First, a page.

Things You'll Need
Chime clocks are famous for the resonant melodies that play every 15 minutes. The top of the hour is like a grand finale where the chiming is at its longest, followed by the striking of the hour. However, when the chiming becomes less pleasing to the ear, an adjustment is required. Adjusting the chimes may entail working with the chime hammers, the minute hand or both. You can make the necessary adjustments to a chime clock with a minimum amount of tools and basic mechanical knowledge.
Chimes at The Wrong Time
Check the position of the minute hand of the clock when the top-of-the-hour strike occurs. If it is a few minutes before or after the hour when the clock strikes, the minute hand requires an adjustment.
Open the access panel door to the pendulum and bring it to a stop.
Remove the minute hand retaining nut by turning it counterclockwise.
Remove the minute hand from its arbor.
Grip the center bushing of the minute hand with combination pliers. Make sure that the jaws of the pliers are on the bushing only.
Turn the hand in the direction needed to correct its alignment with the dial while holding the bushing firm.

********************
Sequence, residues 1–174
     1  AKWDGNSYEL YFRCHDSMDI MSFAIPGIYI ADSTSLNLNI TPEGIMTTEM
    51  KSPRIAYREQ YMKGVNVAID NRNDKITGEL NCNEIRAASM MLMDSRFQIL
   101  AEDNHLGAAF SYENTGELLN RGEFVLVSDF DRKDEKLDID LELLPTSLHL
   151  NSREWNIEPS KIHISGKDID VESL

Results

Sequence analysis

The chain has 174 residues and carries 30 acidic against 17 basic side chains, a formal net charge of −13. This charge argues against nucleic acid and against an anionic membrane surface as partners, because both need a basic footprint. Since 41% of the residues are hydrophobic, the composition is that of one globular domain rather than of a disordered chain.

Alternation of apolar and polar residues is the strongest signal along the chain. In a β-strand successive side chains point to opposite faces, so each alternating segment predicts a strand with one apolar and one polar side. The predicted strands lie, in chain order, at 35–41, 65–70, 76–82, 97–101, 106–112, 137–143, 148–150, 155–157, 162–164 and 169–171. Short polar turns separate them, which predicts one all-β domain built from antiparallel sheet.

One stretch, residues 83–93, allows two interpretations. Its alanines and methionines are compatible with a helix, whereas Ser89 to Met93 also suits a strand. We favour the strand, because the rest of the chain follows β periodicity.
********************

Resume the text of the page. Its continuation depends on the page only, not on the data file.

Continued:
Replace the minute hand onto its arbor. Tighten the retaining nut, turning clockwise.
Turn the minute hand clockwise to the nearest quarter hour and check its position when the chimes are released.
Repeat Steps 3 through 8 if necessary.
Set the pendulum in motion and close the panel.
Reset the correct time by turning the minute hand in a clockwise direction.
Chimes Do Not Resonate
Stop the pendulum and open the access panel to the chimes.
Raise one of the chime hammers slightly with a pencil and quickly release it. If it strikes the chime rod and does not bounce off, allowing the rod to resonate, or does not impact it at all, then the hammer requires adjustment.
Bend the chime hammer near the middle of its shank until it rests approximately 1/8 inch above the chime rod. The hammer shank is made of brass and bends with relative ease. Make sure the hammer does not contact the hammer next to it.
Raise the hammer after the adjustment and release it. The tone should be rich and resonant.
Repeat Steps 2 through 4 on the remaining hammers.
Set the pendulum in motion and close the access panel.
Max Stout began writing in 2000 and started focusing primarily on non-fiction articles in 2008. Now retired, Stout writes technical articles with a focus on home improvement and maintenance. Previously, he has worked in the vocational trades such as automotive, home construction, residential plumbing and electric, and industrial wire and cable. Max also earned a degree of biblical metaphysician from Trinity Seminars Ministry Academy.